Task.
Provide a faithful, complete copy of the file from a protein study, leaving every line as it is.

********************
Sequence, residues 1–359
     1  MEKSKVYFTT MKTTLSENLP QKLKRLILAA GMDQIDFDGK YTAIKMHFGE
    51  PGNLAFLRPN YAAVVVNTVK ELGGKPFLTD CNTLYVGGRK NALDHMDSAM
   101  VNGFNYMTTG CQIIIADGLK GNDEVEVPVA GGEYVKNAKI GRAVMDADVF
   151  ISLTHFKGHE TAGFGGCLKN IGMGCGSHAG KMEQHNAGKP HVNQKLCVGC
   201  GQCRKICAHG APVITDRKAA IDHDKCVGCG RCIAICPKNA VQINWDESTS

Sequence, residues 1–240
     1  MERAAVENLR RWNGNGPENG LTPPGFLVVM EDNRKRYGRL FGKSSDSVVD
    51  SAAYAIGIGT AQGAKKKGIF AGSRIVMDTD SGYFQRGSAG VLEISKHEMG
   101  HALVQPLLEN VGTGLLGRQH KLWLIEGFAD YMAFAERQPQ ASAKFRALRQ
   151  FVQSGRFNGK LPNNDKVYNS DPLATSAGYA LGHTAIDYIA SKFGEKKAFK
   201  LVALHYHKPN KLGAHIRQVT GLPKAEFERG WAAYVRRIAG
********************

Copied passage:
Sequence, residues 1–359
     1  MEKSKVYFTT MKTTLSENLP QKLKRLILAA GMDQIDFDGK YTAIKMHFGE
    51  PGNLAFLRPN YAAVVVNTVK ELGGKPFLTD CNTLYVGGRK NALDHMDSAM
   101  VNGFNYMTTG CQIIIADGLK GNDEVEVPVA GGEYVKNAKI GRAVMDADVF
   151  ISLTHFKGHE TAGFGGCLKN IGMGCGSHAG KMEQHNAGKP HVNQKLCVGC
   201  GQCRKICAHG APVITDRKAA IDHDKCVGCG RCIAICPKNA VQINWDESTS

Sequence, residues 1–240
     1  MERAAVENLR RWNGNGPENG LTPPGFLVVM EDNRKRYGRL FGKSSDSVVD
    51  SAAYAIGIGT AQGAKKKGIF AGSRIVMDTD SGYFQRGSAG VLEISKHEMG
   101  HALVQPLLEN VGTGLLGRQH KLWLIEGFAD YMAFAERQPQ ASAKFRALRQ
   151  FVQSGRFNGK LPNNDKVYNS DPLATSAGYA LGHTAIDYIA SKFGEKKAFK
   201  LVALHYHKPN KLGAHIRQVT GLPKAEFERG WAAYVRRIAG